Commoditization is a process of treating someone as if they are a mere community. The “commoditization” of insurance that has received so much press is a misnomer. Insurance is not a commodity. A complex good, because it is complex, generally cannot be a commodity. Even if it is misunderstood, this kind of misunderstanding leads to loose customers.
This challenge can be overcome with the help of Artificial intelligence and automated process which can provide a personalized yet fast customer experience. Digital insurance technologies also help to create unique products quickly.
Digitizing small businesses
Small businesses are the most profitable market in the insurance industry. Big insurance companies are aggressively trying to move into this market. But this can cause loss to companies who are already serving small commercials.
To maintain their customer base and expand the insurance companies serving small commercials should provide digital interactions and digitize underwriting and claims. Investing in employees and new talent will help them expand their existing business and acquire new customers.
The Government of India has taken several initiatives to boost the insurance industry. Some of them are as follows:
The government has allowed 100% Foreign Direct investment and abolished many restrictions on FDIs in the Union budget of 2019. The government has also taken an initiative to provide for 100 million vulnerable families under the National Health Protection Scheme that was launched in September. This led to the proliferation of the Health Insurance sector in India by 50%. Over 47.9 million farmers benefited through the Pradhan Mantri Fasal Bima Yojana (PMFBY) in 2017-18.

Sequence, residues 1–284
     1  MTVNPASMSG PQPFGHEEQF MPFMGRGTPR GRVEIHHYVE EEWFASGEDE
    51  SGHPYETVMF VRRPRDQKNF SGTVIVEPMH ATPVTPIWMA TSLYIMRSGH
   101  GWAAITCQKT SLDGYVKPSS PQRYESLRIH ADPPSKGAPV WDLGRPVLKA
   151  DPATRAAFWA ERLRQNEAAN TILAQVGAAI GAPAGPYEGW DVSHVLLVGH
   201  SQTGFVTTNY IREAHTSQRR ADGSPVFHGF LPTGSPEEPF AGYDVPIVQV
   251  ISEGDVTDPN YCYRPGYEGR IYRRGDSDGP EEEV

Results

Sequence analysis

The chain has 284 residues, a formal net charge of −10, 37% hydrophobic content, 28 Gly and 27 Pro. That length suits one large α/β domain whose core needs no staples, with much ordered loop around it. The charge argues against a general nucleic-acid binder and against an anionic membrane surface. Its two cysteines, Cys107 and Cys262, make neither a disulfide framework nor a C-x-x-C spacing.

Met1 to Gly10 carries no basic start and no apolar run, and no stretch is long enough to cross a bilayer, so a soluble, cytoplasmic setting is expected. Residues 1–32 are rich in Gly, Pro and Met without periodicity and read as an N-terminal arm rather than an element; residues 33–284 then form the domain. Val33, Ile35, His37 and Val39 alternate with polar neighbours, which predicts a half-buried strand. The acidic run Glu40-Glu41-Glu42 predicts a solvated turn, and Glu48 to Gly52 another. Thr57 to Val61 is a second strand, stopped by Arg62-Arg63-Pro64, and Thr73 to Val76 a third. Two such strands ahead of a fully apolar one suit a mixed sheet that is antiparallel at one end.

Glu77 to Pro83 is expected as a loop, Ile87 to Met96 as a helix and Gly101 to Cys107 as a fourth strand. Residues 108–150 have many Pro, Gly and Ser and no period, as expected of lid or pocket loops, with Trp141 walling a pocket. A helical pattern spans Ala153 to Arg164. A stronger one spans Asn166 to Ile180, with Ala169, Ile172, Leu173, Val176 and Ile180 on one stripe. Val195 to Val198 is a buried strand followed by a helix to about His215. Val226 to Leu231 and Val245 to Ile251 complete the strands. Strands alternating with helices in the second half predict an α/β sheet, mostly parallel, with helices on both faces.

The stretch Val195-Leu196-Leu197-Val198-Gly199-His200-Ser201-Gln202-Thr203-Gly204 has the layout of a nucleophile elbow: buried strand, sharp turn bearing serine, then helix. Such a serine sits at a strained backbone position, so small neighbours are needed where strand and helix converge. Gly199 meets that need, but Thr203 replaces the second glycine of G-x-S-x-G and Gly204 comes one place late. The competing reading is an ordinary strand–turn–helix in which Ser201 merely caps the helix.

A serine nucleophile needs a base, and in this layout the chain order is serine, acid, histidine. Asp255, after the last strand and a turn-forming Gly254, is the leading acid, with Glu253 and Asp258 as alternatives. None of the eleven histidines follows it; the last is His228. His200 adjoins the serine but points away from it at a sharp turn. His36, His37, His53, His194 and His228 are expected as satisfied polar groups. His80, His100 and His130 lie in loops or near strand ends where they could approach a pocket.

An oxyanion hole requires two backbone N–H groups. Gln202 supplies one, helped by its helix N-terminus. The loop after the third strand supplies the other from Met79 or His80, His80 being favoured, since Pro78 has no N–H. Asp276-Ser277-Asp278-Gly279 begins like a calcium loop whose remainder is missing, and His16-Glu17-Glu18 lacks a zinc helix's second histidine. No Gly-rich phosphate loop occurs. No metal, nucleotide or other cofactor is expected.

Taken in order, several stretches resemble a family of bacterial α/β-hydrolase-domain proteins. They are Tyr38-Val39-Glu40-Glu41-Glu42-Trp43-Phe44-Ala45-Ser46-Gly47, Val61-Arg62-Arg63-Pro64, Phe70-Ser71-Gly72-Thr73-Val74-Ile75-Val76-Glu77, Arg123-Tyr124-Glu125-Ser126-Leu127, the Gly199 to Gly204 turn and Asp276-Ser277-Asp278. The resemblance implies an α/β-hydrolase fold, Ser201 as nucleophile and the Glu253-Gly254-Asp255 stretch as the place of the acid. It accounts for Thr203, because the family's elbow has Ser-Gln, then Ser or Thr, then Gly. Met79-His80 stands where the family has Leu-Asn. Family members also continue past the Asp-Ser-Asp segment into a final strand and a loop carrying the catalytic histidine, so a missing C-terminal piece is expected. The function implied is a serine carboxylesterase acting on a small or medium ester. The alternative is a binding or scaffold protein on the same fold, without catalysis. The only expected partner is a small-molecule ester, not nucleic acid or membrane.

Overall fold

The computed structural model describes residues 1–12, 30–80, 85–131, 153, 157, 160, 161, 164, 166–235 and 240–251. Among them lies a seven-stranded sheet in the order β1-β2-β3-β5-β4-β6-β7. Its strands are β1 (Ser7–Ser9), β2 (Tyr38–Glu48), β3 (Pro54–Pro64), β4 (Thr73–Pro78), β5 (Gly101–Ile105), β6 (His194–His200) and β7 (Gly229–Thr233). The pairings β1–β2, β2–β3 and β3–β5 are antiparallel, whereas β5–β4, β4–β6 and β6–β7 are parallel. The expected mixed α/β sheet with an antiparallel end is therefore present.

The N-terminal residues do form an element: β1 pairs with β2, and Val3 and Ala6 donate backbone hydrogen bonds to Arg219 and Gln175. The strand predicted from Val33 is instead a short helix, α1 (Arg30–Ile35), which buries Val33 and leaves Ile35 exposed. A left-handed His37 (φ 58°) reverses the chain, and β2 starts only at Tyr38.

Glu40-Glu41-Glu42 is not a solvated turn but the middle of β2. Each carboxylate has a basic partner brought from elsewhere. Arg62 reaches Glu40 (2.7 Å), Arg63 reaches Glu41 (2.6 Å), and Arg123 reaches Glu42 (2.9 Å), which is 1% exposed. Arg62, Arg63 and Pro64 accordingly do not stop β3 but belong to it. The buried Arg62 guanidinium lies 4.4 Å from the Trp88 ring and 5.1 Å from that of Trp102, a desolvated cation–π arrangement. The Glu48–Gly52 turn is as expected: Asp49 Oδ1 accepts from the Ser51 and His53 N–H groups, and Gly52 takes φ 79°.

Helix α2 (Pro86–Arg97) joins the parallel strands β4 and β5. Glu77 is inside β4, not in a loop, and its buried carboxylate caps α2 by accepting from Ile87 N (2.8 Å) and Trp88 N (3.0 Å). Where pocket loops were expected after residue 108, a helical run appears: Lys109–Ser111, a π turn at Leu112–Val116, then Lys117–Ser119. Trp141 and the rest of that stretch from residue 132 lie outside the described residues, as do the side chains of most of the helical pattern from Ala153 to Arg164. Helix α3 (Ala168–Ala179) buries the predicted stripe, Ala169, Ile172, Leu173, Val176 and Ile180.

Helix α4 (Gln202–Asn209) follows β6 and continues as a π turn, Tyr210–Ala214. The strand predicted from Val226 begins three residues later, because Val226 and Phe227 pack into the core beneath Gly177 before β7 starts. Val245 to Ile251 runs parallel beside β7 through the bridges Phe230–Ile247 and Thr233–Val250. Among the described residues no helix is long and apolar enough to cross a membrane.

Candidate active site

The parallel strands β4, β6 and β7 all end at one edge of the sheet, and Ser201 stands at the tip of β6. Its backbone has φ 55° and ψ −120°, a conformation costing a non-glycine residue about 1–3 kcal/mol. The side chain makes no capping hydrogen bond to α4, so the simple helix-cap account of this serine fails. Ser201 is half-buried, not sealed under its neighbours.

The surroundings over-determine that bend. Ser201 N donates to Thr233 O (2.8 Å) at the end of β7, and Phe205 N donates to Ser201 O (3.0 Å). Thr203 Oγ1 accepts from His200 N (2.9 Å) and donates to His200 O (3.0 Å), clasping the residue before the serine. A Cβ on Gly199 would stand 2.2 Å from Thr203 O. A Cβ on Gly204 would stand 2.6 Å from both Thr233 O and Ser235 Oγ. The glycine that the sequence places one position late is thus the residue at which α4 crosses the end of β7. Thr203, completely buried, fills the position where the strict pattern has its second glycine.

The Insurance Regulatory and Development Authority of India (IRDAI) plans to issue re-designed initial public offering (IPO) guidelines for insurance companies in India which are looking to divest equity through the IPO route. IRDA has allowed insurers to invest up to 10% in additional tier 1 (AT1) bonds that are issued by banks to augment their tier 1 capital; this will help expand the pool of eligible investors for the banks.
The Future Of Insurance Industry In India
The future looks promising for the life insurance industry in India. Several changes in the regulatory framework have been proposed which will transform the way the industry conducts its business and engages with customers.
The overall insurance industry in India is expected to reach $280 billion by 2020. The life insurance industry in India is expected to grow by 12-15% annually for the next three to five years.
Demographic factors such as growing middle class, young insurable population, the ever increasing awareness of the need for protection, and retirement planning will support the growth of Indian life insurance segment.